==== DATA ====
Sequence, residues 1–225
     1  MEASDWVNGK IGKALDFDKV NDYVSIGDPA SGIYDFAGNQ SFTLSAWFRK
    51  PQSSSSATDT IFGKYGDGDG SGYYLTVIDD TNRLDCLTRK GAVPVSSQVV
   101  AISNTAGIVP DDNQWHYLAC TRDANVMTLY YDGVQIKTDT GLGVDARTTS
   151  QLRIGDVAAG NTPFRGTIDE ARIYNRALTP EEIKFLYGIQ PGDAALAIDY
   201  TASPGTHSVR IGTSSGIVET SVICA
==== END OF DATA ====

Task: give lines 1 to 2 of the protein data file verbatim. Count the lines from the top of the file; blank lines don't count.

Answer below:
Sequence, residues 1–225
     1  MEASDWVNGK IGKALDFDKV NDYVSIGDPA SGIYDFAGNQ SFTLSAWFRK